2019 Founders Fellowship
The 2019 recipient was Alix Bruce, a law student at American University Washington College of Law.
Personal Essay on Summer Internship at Amara Legal Center
The definition of commercial sex is one that eludes brevity. On the one hand, it has a specific definition: the exchange of sex or sexual acts for material compensation, whether that be money, food, a bed, or anything else. On the other, there is an ongoing policy argument about what commercial sex is and how it should be legislated—the movement pushing for the decriminalization of sex work is alive and working in DC, and frequently debated by advocates from every side of the political spectrum. Anti-trafficking, anti-sex work organizations (frequently called “abolitionist”) state that there is no way any person, even adults, could legally consent to engaging in sex work, and that all sex work is trafficking. People in the pro-sex work movement claim the exact opposite: that sex work is a voluntary, frequently enjoyable job, while simultaneously decrying sex trafficking as a crime that violates a person’s civil rights.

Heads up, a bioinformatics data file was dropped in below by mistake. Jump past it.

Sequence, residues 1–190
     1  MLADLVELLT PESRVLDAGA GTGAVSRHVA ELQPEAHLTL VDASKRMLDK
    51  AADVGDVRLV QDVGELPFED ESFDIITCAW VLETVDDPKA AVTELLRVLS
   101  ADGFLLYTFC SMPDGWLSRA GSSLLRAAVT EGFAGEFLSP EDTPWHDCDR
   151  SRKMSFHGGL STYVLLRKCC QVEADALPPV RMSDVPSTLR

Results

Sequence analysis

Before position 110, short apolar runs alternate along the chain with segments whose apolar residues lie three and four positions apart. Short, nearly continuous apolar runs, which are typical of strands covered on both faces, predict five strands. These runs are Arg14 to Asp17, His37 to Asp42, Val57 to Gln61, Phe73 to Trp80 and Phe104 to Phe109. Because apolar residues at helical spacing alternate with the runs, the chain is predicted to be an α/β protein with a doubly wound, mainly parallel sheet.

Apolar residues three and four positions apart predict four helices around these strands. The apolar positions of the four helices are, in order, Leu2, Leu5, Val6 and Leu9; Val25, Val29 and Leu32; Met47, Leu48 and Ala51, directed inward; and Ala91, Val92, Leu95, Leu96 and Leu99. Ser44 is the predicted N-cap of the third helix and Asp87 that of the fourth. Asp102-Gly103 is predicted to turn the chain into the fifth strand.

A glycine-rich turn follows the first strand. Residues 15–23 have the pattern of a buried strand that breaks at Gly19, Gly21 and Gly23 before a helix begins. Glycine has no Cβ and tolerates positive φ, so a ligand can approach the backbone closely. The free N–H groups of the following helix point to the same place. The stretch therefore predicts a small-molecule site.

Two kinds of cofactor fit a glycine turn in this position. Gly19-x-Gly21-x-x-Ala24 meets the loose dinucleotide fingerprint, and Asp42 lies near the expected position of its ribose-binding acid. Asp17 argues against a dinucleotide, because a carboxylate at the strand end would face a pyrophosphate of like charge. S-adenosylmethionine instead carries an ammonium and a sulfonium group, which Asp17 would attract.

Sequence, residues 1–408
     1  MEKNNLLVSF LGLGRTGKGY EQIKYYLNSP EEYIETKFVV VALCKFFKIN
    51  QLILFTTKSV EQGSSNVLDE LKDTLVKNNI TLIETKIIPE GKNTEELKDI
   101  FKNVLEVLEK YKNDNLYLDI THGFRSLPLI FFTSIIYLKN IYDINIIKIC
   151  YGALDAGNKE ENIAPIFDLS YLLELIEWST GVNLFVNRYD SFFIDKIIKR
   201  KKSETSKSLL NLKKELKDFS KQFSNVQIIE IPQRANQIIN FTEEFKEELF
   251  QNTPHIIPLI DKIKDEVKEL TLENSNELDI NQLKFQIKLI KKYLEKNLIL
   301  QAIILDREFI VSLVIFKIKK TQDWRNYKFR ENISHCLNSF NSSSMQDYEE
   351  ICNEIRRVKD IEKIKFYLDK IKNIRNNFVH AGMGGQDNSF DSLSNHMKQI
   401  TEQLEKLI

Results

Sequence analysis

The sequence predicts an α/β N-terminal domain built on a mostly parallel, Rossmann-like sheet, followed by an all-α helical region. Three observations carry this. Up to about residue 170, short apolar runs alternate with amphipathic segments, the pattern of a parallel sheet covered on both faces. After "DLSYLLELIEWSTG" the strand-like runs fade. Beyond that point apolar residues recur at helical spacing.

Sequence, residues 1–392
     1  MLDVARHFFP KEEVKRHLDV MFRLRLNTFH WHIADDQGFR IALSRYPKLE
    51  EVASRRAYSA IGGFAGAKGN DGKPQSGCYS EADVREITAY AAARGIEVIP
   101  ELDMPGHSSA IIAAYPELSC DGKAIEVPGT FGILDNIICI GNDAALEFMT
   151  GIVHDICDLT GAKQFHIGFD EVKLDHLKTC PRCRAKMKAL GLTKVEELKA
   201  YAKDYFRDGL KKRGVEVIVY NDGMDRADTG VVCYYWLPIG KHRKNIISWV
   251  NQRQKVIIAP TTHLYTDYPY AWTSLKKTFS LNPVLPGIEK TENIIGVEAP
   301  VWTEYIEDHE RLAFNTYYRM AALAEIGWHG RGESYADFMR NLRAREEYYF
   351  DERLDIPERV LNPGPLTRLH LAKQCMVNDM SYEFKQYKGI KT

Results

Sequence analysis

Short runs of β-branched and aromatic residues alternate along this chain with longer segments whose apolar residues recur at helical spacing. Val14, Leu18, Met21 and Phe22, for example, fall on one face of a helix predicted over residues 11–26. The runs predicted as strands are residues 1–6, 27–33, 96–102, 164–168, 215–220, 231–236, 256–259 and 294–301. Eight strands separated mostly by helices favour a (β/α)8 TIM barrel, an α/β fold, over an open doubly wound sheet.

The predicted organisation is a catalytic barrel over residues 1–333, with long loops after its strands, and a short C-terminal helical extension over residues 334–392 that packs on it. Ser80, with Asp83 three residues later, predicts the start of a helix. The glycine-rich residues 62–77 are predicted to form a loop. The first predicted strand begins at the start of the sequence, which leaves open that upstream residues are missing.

The Amara Legal Center (Amara) was founded to defend the civil rights of people involved in commercial sex on all sides of the decriminalization debate. This means that Amara’s clients come from a broad spectrum; clients can be survivors of sex trafficking, consensual sex workers, or people who have been sex workers or survivors in the past. The only requirement is that they be or have been involved in commercial sex, and that they live in the DMV area. Due to the nature of Amara’s clientele, my work this summer spanned many different legal issues. Amara provides multiple legal services to its clients, ranging from expungement work to family law matters.